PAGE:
50 Years Later, Detroit Is Still on Journey From Riot to Renaissance

Jul 24, 2017

In the early 1960’s, Detroit had one of the highest standards of living in the country. 

But not everyone shared in the wealth. 

In 1967, Detroit’s undercurrent of unrest burst to the surface.  The riot that began on July 23 was the start of the worst civil disturbance in American history. 

 


On a bright blue Detroit morning, a bold red helicopter pierces the neighborhood reverie.

“Is that the news?” Denise Gray asks, looking skyward.

She watches from the corner of Taylor and Woodrow Wilson in the city’s Virginia Park district.  As cameras capture a peaceful scene, her mind’s eye conjures the memory of a much darker day.

“Smoke,” she recalls.  “Nothing but smoke.”

These homes along Rosa Parks Boulevard in central Detroit survived the fires set during the uprising in July 1967. This was once a thriving commercial district.
Credit Kevin Lavery / WKAR-MSU

Gray was just a little girl during those five violent days in the Summer of Love.  In 1967, Detroit blazed outside her door two blocks off Woodward Avenue. 

“You heard a lot of shouting,” Gray says.  “You saw people just running and running and using profanity, just totally upset.  It was very shocking.  My aunt lived about a block from 12th and I was on the phone with her, and she just described a picture of horror.”

When the smoke cleared out, the scars set in.

Today, Virginia Park is a ghost of its old glory.  The bustling shops that lined 12th Street, re-born as Rosa Parks Boulevard, are gone. 

The foreclosure crisis of the last decade contributed to the blight in parts of Detroit's Virginia Park neighborhood.
Credit Kevin Lavery / WKAR-MSU

Many hopes are in disrepair.  In spots, waist-high weeds burst through broken sidewalks. 

“Three, five years ago; maybe 10 years ago, it was more dense, more populated, more people,” says George Adams Jr.  He’s president of the West Euclid-West Philadelphia Street Neighborhood Association.  “There were a lot of people who were active in the area.  From then to now...it’s despair.”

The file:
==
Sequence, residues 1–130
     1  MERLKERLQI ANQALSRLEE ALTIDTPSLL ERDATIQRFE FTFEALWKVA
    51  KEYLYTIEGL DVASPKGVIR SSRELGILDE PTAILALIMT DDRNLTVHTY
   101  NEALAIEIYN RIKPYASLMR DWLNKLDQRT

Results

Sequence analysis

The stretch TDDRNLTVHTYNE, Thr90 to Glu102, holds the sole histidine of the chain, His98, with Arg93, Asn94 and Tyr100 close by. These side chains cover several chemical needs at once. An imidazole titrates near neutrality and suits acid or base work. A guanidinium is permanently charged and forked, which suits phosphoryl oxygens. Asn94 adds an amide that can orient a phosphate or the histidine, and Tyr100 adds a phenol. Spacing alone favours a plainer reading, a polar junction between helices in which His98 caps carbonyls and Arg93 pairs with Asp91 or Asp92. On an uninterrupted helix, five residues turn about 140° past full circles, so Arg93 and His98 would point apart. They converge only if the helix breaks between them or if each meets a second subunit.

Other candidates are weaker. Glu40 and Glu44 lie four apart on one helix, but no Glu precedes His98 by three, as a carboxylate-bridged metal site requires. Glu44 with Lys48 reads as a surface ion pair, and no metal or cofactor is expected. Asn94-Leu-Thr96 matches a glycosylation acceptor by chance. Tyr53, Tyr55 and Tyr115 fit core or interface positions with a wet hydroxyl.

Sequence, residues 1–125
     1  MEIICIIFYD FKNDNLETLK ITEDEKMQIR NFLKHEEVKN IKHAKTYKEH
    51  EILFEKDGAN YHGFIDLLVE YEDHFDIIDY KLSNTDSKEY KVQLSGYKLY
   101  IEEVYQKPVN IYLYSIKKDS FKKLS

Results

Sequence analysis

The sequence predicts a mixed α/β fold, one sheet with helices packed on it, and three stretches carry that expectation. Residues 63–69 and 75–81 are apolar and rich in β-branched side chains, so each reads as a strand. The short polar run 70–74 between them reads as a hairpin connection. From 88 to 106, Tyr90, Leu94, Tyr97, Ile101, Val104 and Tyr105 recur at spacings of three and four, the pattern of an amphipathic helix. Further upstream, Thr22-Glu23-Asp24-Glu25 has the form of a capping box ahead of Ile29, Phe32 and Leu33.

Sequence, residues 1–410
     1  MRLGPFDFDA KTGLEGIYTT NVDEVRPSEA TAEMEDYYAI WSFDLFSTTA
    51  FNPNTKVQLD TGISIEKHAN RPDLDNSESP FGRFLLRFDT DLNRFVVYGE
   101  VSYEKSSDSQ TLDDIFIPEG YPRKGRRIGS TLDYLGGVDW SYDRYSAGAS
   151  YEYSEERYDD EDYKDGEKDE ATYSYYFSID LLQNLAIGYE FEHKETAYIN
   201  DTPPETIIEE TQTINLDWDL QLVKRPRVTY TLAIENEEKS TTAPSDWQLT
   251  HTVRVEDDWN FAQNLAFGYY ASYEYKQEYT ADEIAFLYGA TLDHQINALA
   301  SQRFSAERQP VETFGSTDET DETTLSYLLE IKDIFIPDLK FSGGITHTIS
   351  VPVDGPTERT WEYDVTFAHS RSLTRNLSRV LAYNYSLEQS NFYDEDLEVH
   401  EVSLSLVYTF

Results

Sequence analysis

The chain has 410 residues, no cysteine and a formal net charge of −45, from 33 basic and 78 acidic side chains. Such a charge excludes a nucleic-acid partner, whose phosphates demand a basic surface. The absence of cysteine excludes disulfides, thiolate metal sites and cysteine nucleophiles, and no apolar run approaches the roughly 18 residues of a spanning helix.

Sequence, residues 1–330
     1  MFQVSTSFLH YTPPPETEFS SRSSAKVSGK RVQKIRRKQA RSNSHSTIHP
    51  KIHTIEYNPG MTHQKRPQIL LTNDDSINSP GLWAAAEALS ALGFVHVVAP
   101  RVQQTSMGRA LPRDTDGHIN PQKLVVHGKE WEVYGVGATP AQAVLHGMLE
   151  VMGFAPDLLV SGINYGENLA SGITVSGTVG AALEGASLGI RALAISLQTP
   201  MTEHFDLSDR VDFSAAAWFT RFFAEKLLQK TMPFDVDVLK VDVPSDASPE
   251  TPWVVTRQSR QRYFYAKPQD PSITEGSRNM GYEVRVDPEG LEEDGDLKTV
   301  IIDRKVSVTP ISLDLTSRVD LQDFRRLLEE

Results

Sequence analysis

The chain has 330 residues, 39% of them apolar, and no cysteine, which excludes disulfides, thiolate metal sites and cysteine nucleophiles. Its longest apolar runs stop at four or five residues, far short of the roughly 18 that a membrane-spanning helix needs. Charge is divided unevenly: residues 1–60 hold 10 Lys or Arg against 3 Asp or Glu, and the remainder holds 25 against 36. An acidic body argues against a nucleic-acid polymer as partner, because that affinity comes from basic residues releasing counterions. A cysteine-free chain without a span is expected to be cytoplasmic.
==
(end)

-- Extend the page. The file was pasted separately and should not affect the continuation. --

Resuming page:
Adams blames this blight on the foreclosure crisis that struck Detroit in the last decade.  It’s still a big problem.  But Adams is looking to some new projects that could jump start this part of the Motor City. 

A private developer wants to refurbish the shuttered Herman Kiefer Hospital.  In June, the Henry Ford Hospital on West Grand broke ground on a new cancer center.  Across the street, the Motown Museum is planning its own $50 million expansion.

It all makes George Adams hungry for progress.

“So, we’re right in the middle,” he observes.  “We have two pieces of wheat bread and I guess we’re going to be what we are.  Are we going to be peanut butter and jelly, or are we going to be bologna and cheese or something like that.  But eventually, it’s going to be a good sandwich.”

Detroit is eager to bite into the future.  But it hasn’t forgotten the bad aftertaste of the past.

Work crews are laying fresh concrete at the northeast corner of Rosa Parks Boulevard and Clairmount.  This is where the old Economy Printing building once stood, and the after-hours “blind pig” Detroit police raided on July 23, 1967.  This is where the bottles, the bricks...and later, the bullets started flying. 

This is Ground Zero.

Today, Thomas Gordon Park stands at the site of the former Economy Printing building. Detroit police raided an after-hours club there known as a "blind pig," which sparked the disturbance.
Credit Kevin Lavery / WKAR-MSU

The blind pig is no more.  Today, Gordon Park stands in its place.

Revitalization is slowly taking hold in Virginia Park.  Tony McDuffy, the deputy director of the neighborhood agency Central Detroit Christian, hopes the park will be an oasis for new families moving in, and a reminder that improvement has not come overnight.

“It’s people who’ve been here for 50 or 60 years who’ve said, ‘I’m not leaving Detroit,” McDuffy says.  “I’m going to die here, I’m going to stay here.’ “

People like Denise Gray.  She’s well aware how the story of 1967 affects her city.  That’s why she wants to help write the next chapter now, in 2017.

“Sometimes when things are planted in a person’s mind, that’s exactly where it stays,” asserts Gray.  “But I have a lot of confidence and that’s why I’m still here, and that’s why I have no intentions of moving.” 

Reflections of...the way life still could be.